• The median income of African American families in the U.S. was 54% of the median income for white families in 1992, compared with 61% in 1969;

  • Three of every four toxic waste dumps that fail to comply with E.P.A. regulations in the U.S. are found in African American or Latino communities;

  • Black Americans are convicted of approximately one-quarter of the murders in the United States each year, yet they receive nearly three-quarters of the death sentences.

There are severe questions of racism which American society needs to face.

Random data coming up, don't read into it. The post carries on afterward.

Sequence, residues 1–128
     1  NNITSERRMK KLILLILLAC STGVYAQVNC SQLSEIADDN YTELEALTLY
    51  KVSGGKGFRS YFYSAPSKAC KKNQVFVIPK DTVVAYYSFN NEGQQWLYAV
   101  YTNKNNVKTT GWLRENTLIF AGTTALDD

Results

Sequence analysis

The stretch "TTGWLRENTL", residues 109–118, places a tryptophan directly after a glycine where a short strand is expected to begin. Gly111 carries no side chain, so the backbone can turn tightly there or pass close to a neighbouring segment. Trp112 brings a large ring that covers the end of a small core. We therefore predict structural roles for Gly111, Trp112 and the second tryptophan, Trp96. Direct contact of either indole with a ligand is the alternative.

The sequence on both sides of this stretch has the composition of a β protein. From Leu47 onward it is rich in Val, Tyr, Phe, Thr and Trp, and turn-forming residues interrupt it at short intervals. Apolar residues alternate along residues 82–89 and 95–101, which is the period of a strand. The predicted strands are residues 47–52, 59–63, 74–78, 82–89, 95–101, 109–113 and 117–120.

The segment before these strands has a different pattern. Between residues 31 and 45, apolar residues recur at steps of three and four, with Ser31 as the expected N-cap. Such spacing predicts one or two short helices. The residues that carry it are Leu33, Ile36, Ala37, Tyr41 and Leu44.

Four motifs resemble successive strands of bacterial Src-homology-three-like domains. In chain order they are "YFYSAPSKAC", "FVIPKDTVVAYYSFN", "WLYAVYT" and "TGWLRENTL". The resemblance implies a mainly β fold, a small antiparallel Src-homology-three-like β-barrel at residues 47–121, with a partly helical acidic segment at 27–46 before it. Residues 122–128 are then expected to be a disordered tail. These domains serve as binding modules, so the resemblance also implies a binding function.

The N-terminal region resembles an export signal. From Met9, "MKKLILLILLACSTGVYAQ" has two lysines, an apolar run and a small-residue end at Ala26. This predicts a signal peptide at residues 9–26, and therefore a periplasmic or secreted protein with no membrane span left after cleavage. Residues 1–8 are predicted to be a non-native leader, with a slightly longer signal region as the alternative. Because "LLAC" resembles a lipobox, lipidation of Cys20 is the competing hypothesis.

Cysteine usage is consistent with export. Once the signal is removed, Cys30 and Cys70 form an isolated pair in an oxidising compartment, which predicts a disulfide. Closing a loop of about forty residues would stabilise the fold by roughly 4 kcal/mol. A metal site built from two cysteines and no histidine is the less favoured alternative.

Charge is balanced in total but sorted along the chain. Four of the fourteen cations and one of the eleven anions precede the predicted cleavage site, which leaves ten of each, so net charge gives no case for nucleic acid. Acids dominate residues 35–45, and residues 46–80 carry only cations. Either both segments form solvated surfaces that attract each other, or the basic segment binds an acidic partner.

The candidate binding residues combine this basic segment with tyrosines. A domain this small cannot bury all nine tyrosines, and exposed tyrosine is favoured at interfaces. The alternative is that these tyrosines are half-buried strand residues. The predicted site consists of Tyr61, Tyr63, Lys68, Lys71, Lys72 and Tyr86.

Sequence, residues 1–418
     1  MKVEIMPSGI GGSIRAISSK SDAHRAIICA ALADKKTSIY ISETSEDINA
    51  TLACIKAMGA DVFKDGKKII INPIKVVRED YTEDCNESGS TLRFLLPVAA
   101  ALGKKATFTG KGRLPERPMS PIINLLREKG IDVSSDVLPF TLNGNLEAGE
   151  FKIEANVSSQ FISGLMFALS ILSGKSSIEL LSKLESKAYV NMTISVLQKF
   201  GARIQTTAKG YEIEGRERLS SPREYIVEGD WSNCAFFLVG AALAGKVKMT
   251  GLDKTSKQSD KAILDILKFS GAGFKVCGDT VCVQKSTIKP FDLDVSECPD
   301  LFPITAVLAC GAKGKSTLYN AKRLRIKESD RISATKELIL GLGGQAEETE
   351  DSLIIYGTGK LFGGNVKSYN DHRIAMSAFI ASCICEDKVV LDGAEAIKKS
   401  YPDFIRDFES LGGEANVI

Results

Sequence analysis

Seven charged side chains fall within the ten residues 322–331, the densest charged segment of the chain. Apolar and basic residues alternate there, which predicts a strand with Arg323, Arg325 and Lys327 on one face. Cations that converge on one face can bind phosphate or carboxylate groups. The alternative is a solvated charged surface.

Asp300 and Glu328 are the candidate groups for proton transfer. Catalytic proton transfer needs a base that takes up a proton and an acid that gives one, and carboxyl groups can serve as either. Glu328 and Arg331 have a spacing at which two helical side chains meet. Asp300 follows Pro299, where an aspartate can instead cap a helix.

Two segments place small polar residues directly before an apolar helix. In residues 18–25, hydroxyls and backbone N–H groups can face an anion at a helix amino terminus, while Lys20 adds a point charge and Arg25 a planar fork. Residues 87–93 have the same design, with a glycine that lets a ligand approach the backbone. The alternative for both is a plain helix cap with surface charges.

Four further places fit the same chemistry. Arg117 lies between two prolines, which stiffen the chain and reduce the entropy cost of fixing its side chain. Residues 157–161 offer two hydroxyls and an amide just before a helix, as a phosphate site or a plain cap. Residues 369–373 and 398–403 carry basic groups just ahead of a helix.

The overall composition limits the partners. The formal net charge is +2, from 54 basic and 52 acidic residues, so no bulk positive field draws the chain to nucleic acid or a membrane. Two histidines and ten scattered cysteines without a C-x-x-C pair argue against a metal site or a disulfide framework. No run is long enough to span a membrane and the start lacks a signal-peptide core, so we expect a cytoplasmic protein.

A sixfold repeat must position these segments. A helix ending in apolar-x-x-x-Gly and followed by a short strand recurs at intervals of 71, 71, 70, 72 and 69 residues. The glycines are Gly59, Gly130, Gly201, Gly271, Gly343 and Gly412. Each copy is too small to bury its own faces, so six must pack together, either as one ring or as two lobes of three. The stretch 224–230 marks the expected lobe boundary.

But now, after September 11th, I think we all face them from somewhat different angle.

I think that the most blatant and pressing question of racial profiling we face now, at this particular moment, is that aimed against Arab Americans in the light of the September 11th attacks.

I’m sure that many of you saw this issue of the Boston Globe from last Friday, September 28th. (If you read the Herald rather than the Globe, you have my prayers; but don’t worry, the front page picture was the same, sp you’ll get the point):

Here is a clear face of evil: the photos, released by the FBI, of the nineteen suspects in the hijacking of the four planes on September 11th. One glance at their faces and at their names, and something we knew already is confirmed in a flash: They’re all men, of course. More particularly and more indicatively:  They’re all Arabs.